Yeah, you could say they're in a bit of a drought. The last time the Bills made the NFL playoffs, Bill Clinton was still the president. Thurman Thomas, Bruce Smith and Andre Reed were on the team. So was Doug Flutie. John Butler was the general manager.

Their last playoff game, the famous Music City Miracle, took place in Adelphia Stadium. When's the last time you heard that word? Adelphia. John Rigas was still the Sabres' owner, still an honest man. It almost seems like a curse now.

I was standing in the press box when the Bills kicked the ball off that day. I had walked over to Larry Felser to pitch a column on Rob Johnson's game-winning drive. As I recall, we were directly above the home team's 25-yard line, where Frank Wycheck tossed the overhand "lateral" to Kevin Dyson.

The Bills have gone 12 straight seasons without appearing in another playoff game. That after a run of 10 playoff berths in 12 years. It's the longest drought in the NFL. The Lions made it last year, passing the torch of futility on to the Bills. The Texans, who weren't even around in 2000, made their first playoff appearance last season.
It's not easy to avoid the postseason a dozen years in a row. This is the NFL, the paragon of parity.

Six teams in each conference get in. You have free agency, high draft picks, crossovers against the NFC West every four years. They practically hold the door open for you. It takes a special sort of bumbling to miss 12 times in a row. But the less said about the front office, the better.

So will this be the year the Bills achieve the monumental task of finishing sixth-best out of 16 AFC teams? Summoning the mountain of football knowledge that I've accumulated over more than two decades of covering the Bills, I have a definitive answer: Maybe.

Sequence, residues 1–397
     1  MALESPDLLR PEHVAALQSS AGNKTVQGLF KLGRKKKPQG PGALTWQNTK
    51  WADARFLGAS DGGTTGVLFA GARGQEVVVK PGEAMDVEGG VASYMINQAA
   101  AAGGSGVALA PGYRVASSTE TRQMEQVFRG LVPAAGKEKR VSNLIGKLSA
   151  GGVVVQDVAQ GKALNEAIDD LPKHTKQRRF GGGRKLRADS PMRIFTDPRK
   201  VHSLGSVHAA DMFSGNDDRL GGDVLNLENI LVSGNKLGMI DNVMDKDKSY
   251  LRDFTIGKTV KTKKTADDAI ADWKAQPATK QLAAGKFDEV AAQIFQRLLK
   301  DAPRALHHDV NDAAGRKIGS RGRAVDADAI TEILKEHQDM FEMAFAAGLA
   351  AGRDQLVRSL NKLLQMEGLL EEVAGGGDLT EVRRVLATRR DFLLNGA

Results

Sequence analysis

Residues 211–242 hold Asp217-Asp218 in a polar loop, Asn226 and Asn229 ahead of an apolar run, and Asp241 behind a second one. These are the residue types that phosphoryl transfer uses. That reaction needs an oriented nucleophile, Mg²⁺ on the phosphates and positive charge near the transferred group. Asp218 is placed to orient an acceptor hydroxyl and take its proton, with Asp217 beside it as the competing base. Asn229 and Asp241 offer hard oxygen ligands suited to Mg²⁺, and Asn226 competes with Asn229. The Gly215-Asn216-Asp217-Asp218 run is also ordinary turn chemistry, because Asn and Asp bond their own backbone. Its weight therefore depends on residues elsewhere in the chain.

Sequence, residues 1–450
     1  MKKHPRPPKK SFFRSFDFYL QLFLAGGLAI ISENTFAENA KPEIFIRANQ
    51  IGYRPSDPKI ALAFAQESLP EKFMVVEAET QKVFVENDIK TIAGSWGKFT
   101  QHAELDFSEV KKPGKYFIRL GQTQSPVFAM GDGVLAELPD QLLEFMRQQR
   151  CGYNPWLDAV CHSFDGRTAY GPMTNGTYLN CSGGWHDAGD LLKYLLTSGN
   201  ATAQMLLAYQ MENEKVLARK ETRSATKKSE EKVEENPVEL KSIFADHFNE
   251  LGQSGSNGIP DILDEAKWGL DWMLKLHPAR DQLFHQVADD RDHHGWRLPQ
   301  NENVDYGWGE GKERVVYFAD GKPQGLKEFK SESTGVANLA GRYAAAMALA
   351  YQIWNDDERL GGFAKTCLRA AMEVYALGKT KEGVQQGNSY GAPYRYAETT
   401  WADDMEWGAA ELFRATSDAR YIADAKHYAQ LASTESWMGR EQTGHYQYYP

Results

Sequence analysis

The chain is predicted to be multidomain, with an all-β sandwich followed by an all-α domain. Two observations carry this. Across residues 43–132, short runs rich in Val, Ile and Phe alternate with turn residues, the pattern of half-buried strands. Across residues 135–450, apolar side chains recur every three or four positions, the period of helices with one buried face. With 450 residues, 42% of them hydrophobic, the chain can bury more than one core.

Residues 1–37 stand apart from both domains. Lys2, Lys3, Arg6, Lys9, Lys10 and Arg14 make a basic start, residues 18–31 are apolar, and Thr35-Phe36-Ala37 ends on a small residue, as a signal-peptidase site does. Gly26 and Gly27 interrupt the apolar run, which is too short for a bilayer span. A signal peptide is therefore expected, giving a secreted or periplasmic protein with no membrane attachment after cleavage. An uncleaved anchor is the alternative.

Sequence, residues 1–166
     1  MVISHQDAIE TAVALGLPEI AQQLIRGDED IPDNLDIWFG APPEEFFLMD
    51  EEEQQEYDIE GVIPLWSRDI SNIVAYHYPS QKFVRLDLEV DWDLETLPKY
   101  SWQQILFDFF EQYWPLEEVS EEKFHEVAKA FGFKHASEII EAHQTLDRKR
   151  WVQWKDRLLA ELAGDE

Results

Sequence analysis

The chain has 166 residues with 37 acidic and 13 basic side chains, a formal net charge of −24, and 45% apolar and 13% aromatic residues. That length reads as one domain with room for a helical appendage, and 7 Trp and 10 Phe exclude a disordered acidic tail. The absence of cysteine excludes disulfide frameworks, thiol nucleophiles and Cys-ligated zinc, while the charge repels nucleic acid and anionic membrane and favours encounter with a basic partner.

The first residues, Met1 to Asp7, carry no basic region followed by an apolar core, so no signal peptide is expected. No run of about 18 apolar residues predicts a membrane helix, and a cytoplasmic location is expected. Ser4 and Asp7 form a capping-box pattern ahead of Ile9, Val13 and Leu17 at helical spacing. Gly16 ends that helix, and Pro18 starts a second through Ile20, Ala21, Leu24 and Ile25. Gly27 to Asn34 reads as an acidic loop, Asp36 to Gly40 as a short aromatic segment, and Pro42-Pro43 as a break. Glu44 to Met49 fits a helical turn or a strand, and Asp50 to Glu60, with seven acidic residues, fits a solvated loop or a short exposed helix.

This team has a chance. Hey, who thought the 49ers, Lions and Bengals would make it last season?

Steady Fitz is needed

Talent-wise, this is the best Bills team since the ‘99 team. You could argue for the 2004 edition, which had a solid defense and Drew Bledsoe. But that defense failed in the big moments. Bledsoe was shot. His stats that year would be considered sub-par for Ryan Fitzpatrick.

The current squad, if healthy (a big if, I'll concede) has one crucial element of a contender: a strong pass rush. It's been years since the Bills got consistent pressure from their front four. Invariably, they had to send extra men, exposing their secondary in coverage.

The additions of Mario Williams and Mark Anderson, along with a healthy Kyle Williams and Marcell Dareus at the tackles, makes this potentially the best pass rushing defensive line in the league.

People are down on Fitzpatrick, which is understandable. Fitz had a brutal second half and a spotty preseason. But they forget how effective he can be when he's fully healthy and has all his weapons – most notably, Fred Jackson and Eric Wood. He threw 32 touchdown passes over a 16-game stretch of 2010-11. He doesn't need to be great. If Fitzpatrick can put up average numbers for an NFL starter and cut down on turnovers, the Bills can have a winning year.

There are reasons to fret, of course. The Bills lack a reliable No. 2 receiver who can stretch the field, which has been a concern for ages. Opposing defenses will send extra rushers at Fitzpatrick, daring him to beat them deep. Teams caught up to Gailey's spread attack late last season. Watching the Steelers in the exhibition, it appears the book has gotten around.

Fitzpatrick was the least-sacked QB in the league a year ago. But sacks don't always reflect pressure. The offensive line played beyond expectations, but it's thin. They're relying on a rookie, Cordy Glenn, to fill the critical position of left tackle.